Beauty Chat | Beauty Books

Monday, 14 November 2016

Beauty books are a perfect union of my two most favourite things in the world and for that I will always have a bit of a collection of them. Plus, with the ever shifting nature of the online beauty community with tips, tricks, and recommendations always coming in and out of fashion, there's a novelty to the permanent published word. These are supposed to be the best of the best beauty advice you can get and it'll stand the test of time!

Everyone knows Sali Hughes. She's a beauty icon, having written for all the big magazines: Grazia, ELLE, Glamour, Cosmopolitan and the big newspapers: the Guardian, the Observer. Many people hold her as the only voice in the beauty media they can trust. So, when she released her first beauty book, Pretty Honest, in 2014, it was an instant hit. Promising long-term advice across skincare, makeup, hygiene, what particularly rang out from the read for me was Hughes's fierce determination to end the stigma that beauty is just for the shallow. She reiterates at multiple times that taking care of your appearance should be one of everyone's concerns and an increased interest in beauty isn't something to be ashamed of. I never get tired of getting that kind of support from such a well-respected, successful woman.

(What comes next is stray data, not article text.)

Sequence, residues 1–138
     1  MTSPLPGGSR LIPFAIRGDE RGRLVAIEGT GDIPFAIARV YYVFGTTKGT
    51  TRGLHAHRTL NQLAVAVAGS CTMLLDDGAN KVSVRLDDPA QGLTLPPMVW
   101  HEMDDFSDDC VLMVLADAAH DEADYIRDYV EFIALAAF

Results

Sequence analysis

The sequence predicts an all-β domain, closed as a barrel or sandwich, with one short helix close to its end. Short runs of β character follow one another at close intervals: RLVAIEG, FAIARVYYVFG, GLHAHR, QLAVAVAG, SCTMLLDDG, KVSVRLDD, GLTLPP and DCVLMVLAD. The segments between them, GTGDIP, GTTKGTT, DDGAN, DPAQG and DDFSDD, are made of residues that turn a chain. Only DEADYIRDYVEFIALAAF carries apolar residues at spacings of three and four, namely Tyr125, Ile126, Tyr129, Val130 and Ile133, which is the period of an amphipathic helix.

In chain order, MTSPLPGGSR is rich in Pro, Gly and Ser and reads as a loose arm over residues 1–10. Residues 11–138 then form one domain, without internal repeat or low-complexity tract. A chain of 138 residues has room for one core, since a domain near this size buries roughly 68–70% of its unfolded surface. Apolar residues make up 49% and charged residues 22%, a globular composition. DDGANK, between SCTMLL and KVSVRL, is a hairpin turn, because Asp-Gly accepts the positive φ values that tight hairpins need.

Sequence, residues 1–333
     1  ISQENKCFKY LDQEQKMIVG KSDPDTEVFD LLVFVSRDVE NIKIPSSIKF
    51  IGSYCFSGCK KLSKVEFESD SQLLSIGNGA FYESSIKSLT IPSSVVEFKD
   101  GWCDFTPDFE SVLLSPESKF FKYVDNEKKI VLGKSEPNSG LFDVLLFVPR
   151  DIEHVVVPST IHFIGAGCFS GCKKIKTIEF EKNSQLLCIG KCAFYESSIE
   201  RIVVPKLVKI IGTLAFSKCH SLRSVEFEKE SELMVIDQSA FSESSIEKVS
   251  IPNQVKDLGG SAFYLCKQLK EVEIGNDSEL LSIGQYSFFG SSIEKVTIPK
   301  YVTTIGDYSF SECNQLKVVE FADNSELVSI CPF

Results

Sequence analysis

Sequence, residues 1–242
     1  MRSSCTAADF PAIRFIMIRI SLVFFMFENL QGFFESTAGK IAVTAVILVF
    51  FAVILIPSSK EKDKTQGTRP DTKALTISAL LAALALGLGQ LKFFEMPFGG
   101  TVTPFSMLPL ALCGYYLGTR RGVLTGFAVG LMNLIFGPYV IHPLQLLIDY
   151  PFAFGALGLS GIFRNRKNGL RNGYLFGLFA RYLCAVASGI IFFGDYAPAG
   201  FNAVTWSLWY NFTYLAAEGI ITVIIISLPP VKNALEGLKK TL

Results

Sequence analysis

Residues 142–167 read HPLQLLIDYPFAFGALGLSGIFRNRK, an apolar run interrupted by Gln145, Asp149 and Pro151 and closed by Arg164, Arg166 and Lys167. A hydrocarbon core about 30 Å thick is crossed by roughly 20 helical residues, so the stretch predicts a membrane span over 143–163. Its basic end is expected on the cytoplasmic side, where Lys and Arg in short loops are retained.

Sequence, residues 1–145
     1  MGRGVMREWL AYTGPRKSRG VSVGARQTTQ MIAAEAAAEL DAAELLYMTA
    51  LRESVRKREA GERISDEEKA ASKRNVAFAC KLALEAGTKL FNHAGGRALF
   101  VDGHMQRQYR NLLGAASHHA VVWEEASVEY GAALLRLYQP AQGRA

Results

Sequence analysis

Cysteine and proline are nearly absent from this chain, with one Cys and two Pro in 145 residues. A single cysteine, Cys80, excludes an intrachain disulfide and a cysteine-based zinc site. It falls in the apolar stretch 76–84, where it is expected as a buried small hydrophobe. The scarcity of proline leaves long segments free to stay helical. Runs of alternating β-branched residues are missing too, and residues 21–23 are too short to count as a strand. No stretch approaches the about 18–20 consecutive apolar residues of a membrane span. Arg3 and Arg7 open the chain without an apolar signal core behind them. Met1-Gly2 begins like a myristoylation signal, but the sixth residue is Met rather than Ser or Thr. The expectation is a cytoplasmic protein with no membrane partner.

A much less talked about beauty book is from Christine Clais, a French skincare specialist currently living in Australia. She's an absolute wealth of knowledge about skin and the products you need to fix every concern you may have. French Complexion is divided by skin problem and then by age to make it easier to find the information you're looking for in a hurry. Plus every tip comes with some product recommendations. I always tend to find these recommendations, like those in magazines, leans towards the expensive/luxury brands, and that was largely true in this case, too, unfortunately. But, I have to say that I love how Australian-centrique this book was! Those are so hard to find.

French Complexion did take quite a hilarious turn, in my opinion, in the final chapter. After pages and pages of practical advice and tips of literal steps to take towards skin resolutions, the final chapter shifts focus to the more spiritual. Clais touches on the influence that positive thinking and taking care of yourself mentally can have on your body generally but then she begins to draw links between energies within your life and your skin. For me, it got a bit away from the practical guide I'd be reading so far. It just kind of threw me unexpectedly at the end!

Have you read either of these beauty books or have another to recommend to me? I definitely want to pick up Hughes's latest publication!

xx Julia

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